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May 26, 2024

Gabby Douglas returns to competitive gymnastics and qualifies for U.S. Championships

Gabby Douglas returns to competitive gymnastics and qualifies for U.S. Championships

Gabby Douglas’ last gymnastics competition was eight years ago at the 2016 Olympics in Rio de Janeiro, where her team clinched the gold medal.

On Saturday, the three-time gold medalist staged a comeback at the American Classic in Katy, Texas, and successfully qualified to compete at the U.S. Championships, putting her on a path to compete at the Olympic Games in Paris this summer.

She finished 10th in the all-around, but her scores on the vault and the balance beam qualified Douglas to compete in the two events at the U.S. Championships. To compete in all four events at nationals, which will be held from May 30 to June 2 in Fort Worth, Texas, Douglas will have to file a petition.

Gabby Douglas at the American Classic in Katy, Texas, on Saturday.David J. Phillip / AP

Jade Carey, who is the reigning Olympic gold medalist in the floor exercise, won the all-around competition.

While the American Classic has little to no direct impact on Douglas’ chances of making the Paris team, her performance Saturday was a crucial stepping stone and offered a glimpse at her training progress during this comeback.

Douglas started the day on a shaky note on the floor exercise. She put her hands down on her first pass and went out of bounds, scoring an 11.450.

But anyone who may have doubted the legitimacy of Douglas’ comeback should see her on the vault. In the second rotation, Douglas performed an enormous double-twisting Yurchenko, scoring a 14.000 — a score the U.S. women’s team would gladly accept in the final competition in Paris.

She still has a ways to go on the uneven bars, her signature event. The release moves that earned her the nickname “The Flying Squirrel” in 2012 are still high-flying, but Douglas came off the bars twice for an 11.850.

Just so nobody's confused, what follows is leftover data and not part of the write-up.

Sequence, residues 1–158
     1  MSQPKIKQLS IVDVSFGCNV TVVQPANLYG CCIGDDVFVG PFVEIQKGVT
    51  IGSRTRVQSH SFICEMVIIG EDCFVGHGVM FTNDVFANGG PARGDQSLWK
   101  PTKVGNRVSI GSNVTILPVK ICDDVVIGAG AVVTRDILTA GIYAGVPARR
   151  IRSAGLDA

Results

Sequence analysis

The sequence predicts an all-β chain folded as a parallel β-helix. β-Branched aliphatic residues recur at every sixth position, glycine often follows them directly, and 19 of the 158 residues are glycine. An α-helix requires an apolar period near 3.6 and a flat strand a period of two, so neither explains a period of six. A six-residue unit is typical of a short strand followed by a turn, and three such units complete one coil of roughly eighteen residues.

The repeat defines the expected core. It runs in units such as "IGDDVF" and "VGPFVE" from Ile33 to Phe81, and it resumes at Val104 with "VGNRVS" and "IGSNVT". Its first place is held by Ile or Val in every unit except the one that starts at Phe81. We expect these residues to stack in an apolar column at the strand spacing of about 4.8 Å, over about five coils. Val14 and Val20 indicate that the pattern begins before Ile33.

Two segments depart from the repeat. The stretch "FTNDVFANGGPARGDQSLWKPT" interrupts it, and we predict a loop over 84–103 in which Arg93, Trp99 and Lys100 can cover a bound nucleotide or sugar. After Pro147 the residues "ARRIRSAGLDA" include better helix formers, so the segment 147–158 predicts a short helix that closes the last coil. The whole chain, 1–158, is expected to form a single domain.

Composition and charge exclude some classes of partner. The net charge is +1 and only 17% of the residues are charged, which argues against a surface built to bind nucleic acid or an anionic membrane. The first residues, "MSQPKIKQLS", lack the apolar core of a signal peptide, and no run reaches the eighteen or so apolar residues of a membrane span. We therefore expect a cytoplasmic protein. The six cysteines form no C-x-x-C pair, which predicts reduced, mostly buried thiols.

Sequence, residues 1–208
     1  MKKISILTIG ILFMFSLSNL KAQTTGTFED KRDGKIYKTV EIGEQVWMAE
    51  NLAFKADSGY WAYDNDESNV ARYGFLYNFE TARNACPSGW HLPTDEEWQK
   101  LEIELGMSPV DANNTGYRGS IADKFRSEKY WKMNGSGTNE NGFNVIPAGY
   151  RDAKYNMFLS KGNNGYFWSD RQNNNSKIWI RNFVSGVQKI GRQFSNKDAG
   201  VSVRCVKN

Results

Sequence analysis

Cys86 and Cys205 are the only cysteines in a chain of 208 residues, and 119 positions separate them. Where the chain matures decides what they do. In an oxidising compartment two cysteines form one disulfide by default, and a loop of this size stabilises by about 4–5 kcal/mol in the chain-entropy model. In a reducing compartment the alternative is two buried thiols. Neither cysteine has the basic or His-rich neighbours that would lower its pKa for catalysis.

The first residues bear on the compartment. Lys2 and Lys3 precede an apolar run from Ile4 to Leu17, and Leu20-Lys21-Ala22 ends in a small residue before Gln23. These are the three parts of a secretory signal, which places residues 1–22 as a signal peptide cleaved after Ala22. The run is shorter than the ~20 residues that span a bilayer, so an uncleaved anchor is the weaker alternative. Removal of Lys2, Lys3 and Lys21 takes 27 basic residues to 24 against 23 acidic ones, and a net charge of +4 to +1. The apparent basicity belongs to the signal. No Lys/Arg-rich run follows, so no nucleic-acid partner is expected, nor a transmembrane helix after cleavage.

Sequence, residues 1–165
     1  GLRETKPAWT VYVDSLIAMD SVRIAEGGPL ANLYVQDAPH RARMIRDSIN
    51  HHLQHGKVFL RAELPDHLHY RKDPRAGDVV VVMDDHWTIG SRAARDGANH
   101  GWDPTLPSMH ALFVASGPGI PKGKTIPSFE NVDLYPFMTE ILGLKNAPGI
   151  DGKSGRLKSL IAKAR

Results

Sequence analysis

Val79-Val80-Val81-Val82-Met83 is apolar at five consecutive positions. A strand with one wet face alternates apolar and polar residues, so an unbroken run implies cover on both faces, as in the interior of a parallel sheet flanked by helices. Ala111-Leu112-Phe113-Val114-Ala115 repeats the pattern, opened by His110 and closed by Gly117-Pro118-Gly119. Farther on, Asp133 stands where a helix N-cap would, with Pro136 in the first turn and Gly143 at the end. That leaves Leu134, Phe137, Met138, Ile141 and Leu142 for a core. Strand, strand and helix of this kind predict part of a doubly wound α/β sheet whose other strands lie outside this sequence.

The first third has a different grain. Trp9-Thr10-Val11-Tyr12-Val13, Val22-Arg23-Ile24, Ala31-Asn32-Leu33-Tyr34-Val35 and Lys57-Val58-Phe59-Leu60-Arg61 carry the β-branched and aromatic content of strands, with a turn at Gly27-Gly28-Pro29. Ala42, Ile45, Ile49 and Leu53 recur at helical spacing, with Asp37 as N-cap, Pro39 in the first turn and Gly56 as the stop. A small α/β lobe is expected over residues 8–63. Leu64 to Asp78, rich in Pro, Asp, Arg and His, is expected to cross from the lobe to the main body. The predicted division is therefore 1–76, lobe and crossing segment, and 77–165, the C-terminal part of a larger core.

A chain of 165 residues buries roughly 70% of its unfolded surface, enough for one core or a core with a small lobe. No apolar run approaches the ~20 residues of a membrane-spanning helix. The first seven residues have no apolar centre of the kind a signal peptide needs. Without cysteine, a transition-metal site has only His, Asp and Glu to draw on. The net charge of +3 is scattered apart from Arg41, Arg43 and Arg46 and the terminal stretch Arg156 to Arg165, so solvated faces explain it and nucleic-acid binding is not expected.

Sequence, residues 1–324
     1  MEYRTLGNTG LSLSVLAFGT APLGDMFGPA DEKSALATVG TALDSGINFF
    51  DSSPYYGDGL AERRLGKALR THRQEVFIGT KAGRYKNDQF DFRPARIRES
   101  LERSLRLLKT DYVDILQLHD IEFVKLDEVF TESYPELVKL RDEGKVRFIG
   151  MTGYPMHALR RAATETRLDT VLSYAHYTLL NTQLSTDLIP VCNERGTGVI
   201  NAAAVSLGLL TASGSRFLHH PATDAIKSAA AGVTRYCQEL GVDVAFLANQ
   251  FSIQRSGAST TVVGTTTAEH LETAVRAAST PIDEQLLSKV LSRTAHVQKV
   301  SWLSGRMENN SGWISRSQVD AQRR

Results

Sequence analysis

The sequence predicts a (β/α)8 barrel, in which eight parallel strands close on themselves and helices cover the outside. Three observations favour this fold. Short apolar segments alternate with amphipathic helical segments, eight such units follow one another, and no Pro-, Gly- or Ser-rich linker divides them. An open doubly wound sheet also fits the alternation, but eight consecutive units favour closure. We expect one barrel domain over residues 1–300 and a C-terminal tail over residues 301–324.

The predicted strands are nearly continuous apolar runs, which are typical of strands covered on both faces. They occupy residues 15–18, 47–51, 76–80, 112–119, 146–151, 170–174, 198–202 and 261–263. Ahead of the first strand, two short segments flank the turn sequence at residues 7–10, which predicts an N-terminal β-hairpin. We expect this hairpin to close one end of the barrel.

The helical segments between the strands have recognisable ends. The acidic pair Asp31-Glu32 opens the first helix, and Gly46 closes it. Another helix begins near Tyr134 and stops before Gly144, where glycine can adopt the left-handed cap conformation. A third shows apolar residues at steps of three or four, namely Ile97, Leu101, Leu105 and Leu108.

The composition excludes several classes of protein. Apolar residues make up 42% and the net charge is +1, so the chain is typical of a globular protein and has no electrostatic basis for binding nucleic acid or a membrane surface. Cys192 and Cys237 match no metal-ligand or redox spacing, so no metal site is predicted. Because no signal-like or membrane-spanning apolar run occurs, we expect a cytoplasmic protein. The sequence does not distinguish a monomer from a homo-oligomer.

In the fourth and final rotation, Douglas delivered a clutch performance on the balance beam. She scored a 13.350 to secure her berth to the U.S. Championships. At 28, Douglas was the oldest athlete on the competition floor.

Douglas had initially intended to return to competitive gymnastics at the Winter Cup in February, but withdrew days before the competition due to a positive Covid test.

“I was so excited to get back out on the competition floor, but unfortunately, I just tested positive for covid… I’m crushed but I’ll see you guys soon!” Douglas said in an Instagram post at the time.

She first announced her intention to return to the Olympics on “Hallie Jackson NOW” earlier this year.

Douglas’ 2012 performance in London made her the first Black gymnast to win the Olympic all-around gold medal. At the 2016 Olympics, Douglas helped the U.S. women to their second consecutive win in the team event, garnering her a third Olympic gold medal.

Douglas did not make a run for the most recent Olympics in Tokyo, a move many in the gymnastics world interpreted as a de facto retirement announcement.

Reigning Olympic all-around gold medalist Suni Lee is also attempting to return to the Olympics. She competed Saturday on two of the four apparatuses — the balance beam and the vault —marking the first time Lee and Douglas have faced off in senior competition.

Lee has been grappling with kidney issues since early last year, ending both her collegiate career and her 2023 season prematurely. She competed at the 2023 U.S. Championships, but withdrew from consideration for the World Championships team.

Saturday’s performance offered some redemption for the breakout star of the Tokyo Olympics. Lee had a disappointing performance at her first meet of the season, the Winter Cup, where she fell twice on the uneven bars and once on the balance beam.

The routines she showcased Saturday were notably cleaner, although they may have lacked the full difficulty she is capable of.

In the first rotation, Lee delivered a solid performance on the balance beam, opting to perform a simple layout dismount. The conservative routine paid off and Lee scored a 14.300, winning the event.

Lee also competed on the vault, where she earned a 13.250 with a full-twisting Yurchenko. Her performance in the two events was enough to qualify her for the U.S. Championships, but like Douglas, Lee will need to petition to compete in the all-around.

The next stop on the road to Paris qualification is the Core Hydration Classic, which will be held in Hartford, Connecticut, on May 17 and 18.

If Douglas is named to the U.S. Olympic team, she will be the first American woman since Dominique Dawes to make three Olympic teams. Simone Biles, who was Douglas’ teammate in Rio, is eyeing her third Olympic team as well.

The gymnasts representing the U.S. in Paris will be selected at the Olympic trials this summer, which are slated for the end of June in Minneapolis. The athletes competing at the Olympic trials will be determined four weeks earlier at the U.S. Championships in Fort Worth.

Kaetlyn Liddy

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